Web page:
Withholding tax (FIRTPA) on the sale of a property by a non-resident of the United States. 

As a non-resident of the United States, the sale of your property located on American soil is possibly the last opportunity for the United States Federal Government (IRS) to recover any taxes owed. To prevent the non-resident seller from leaving the United States before paying tax on the sale of their property, the government requires the buyer to withhold withholding tax of 15% of the sale price gross when the property is sold by a non-U.S. resident. It is the "Closing Agent" who is responsible for protecting the buyer in this transaction. 

Thus, for a property whose sale price is $ 100,000 U.S., an amount of $ 15,000 U.S. will be withheld by the '' Closing Agent '' and sent to the IRS (as a tax advance) within 20 days. following the transaction. If the "Closing Agent" does not forward the $ 15,000 U.S. to the IRS within 20 days of the transaction, the buyer will face a significant penalty.

 

It is important to understand that this $ 15,000 U.S. is a withholding tax (a tax payment made in advance) and that this amount will be considered when you file your U.S. tax return to report the sale of your property (see the section on the U.S. tax return below). 

Can I avoid this withholding tax?

There are two possibilities for avoiding the withholding tax:

 

Possibility # 1: If the selling price of the property is less than $ 300,000 U.S. AND the buyer agrees to sign an affidavit stating that he/she does not intend to rent the property for more than 50% of his ownership period for the next two years, withholding tax will be set at $ 0 U.S.

 

Possibility # 2: If possibility # 1 is not applicable, it is possible to file a request for a certificate from the IRS which will certify that you have no tax to pay, or that the sum of $ 15,000 U.S. (referring to our example above) will be higher than your final tax. The IRS will issue a certificate stating that the amount of $ 15,000 U.S. will be partially reduced or eliminated.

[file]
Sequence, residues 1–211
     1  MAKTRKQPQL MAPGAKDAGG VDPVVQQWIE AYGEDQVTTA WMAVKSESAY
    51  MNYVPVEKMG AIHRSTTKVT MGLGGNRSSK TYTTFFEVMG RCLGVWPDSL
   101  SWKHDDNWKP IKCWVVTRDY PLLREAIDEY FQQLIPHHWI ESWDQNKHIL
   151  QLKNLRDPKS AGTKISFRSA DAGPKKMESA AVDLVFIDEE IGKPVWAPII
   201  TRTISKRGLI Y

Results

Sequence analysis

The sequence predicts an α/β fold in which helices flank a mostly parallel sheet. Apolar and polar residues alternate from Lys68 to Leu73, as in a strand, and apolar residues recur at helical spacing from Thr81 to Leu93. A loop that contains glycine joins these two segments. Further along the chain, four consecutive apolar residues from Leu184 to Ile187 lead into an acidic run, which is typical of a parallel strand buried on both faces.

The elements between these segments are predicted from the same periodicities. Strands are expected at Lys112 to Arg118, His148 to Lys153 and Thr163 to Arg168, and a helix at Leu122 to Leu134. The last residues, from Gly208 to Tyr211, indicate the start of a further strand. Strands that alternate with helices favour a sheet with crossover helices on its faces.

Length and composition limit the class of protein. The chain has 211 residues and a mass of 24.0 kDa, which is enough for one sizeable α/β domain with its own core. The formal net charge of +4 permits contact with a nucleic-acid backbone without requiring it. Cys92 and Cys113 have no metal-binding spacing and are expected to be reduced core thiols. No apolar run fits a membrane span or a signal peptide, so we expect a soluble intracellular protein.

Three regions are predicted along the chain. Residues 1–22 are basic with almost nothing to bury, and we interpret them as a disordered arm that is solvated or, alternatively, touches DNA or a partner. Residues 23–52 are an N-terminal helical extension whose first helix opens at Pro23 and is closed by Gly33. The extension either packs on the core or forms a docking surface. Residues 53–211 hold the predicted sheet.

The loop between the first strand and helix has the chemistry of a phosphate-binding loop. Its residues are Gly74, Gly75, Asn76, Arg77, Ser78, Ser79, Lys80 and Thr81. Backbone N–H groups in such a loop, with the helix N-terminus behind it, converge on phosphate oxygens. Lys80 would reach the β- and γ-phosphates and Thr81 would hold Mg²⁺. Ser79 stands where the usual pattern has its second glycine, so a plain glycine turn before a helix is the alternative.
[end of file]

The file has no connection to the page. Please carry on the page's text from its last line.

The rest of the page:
Our team can assist you in these certificate requests. Requests for certificates should be sent to the IRS no later than the date of sale of the property. By showing that the certificates have been requested, the '' Closing Agent '' will withhold the amount equivalent to 15% in a trust account (rather than sending the amount directly to the IRS within 20 days of the transaction) until IRS issues the certificate.

 

IRS typically takes 60 to 90 days to issue certificates. Requests for certificates must, at a minimum, include a signed sales agreement between you and the purchaser. We cannot request certificates until we have a signed agreement.

 

If you have never filed a tax return in the United States, you will need to apply for a Tax Identification Number (ITIN) which we will attach to the certificate request. This request for an ITIN, which we will prepare for you if necessary, will require a certified copy of your Canadian passport. This is issued by Passport Canada upon request. If you’re planning on selling your U.S. property in the near future, you should make an appointment with Passport Canada to request a certified copy of your Canadian passport.


If you wish to use our services for certificate requests, contact us as soon as you have an accepted offer to purchase, we will send you our procedures and the information required to proceed.

Does a U.S. tax return need to be filed?

 

Yes, a U.S. tax return will need to be filed by June 15 of the year following the transaction. For example, for a sale that takes place in May 2020, a U.S. tax return will need to be filed by June 15, 2021.

 

This answer applies regardless of the 15% withholding tax.

 

A tax return must also be filed in the United States if no profit was made on the sale of your property.

 

Ideally, we file the U.S. tax returns as early as possible in the year following the transaction, so that the information is available to your Canadian accountant when preparing the Canadian return.

 

The transaction will also need to be disclosed in your Canadian return. Please note that any tax paid on your U.S. return will, in most situations, be fully recoverable in Canada, via foreign tax credits.

 

Do not hesitate to contact us for all your needs related to your withholding taxes (FIRPTA) and the preparation of your U.S. tax returns. Our team will be happy to answer your questions.